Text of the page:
OPINION: Industry shouldn’t gloat despite Equity’s retreat

After some 13 months of anguish, allegation, counter-charge, bluster and boycott, the dispute between the advertising industry and Equity is right back where it started.

After some 13 months of anguish, allegation, counter-charge,

bluster and boycott, the dispute between the advertising industry and

Equity is right back where it started.



It took no great visionary power to predict this would happen. With both

sides locked in a stalemate it has been obvious for some time that an

unofficial working arrangement would emerge, tacitly allowing agencies,

advertisers and the actors’ union to do business with each other.



Equity has now allowed pragmatism to prevail by permitting its members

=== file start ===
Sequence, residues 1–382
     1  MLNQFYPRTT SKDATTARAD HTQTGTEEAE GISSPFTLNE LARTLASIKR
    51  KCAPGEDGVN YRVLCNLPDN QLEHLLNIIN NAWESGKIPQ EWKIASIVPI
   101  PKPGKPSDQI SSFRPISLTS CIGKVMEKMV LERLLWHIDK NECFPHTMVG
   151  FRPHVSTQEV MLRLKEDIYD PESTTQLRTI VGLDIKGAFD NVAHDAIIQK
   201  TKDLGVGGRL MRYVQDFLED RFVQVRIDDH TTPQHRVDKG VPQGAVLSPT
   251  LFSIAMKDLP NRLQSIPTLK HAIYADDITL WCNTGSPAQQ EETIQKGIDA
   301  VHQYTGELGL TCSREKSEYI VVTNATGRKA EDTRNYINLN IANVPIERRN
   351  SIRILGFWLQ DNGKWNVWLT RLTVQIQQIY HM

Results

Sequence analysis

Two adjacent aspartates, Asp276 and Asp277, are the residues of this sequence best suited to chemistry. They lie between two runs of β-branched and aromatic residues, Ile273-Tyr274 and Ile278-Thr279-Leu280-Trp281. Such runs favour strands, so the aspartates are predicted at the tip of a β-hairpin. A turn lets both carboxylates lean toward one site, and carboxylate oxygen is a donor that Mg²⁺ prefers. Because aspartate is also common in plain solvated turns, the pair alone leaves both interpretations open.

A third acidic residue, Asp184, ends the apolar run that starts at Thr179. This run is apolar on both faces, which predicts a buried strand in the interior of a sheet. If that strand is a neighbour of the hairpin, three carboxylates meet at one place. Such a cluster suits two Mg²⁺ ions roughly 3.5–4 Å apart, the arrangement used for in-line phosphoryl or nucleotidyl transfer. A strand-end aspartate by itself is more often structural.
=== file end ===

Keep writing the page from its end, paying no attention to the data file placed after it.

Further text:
to accept work under the terms of an expired 1991 agreement. The effect

is to scale down the dispute considerably.



Understandably, Equity has attempted to put the best possible PR gloss

on its decision, claiming it as an initiative rather than a defeat. In

truth, there is probably little else the union could have done.



The ad industry has always known it needed only to sit tight to win the

day. The longer the dispute dragged on, the greater the hardship for

many of Equity’s grassroots members. And when Enn Reitel, Britain’s most

famous voiceover artist, quit the union branding it ’a closed shop run

on fear’, it was clear the writing was on the wall.



The sad fact is that a lot of people have lost a lot of money for no

discernable gain in a confrontation allowed to spin out of control. The

industry may believe it has ’won’ as it watches the union retreat with

as much dignity as it can. But there should be no triumphalism.

Festering resentment of one side by another won’t repair the

relationship.



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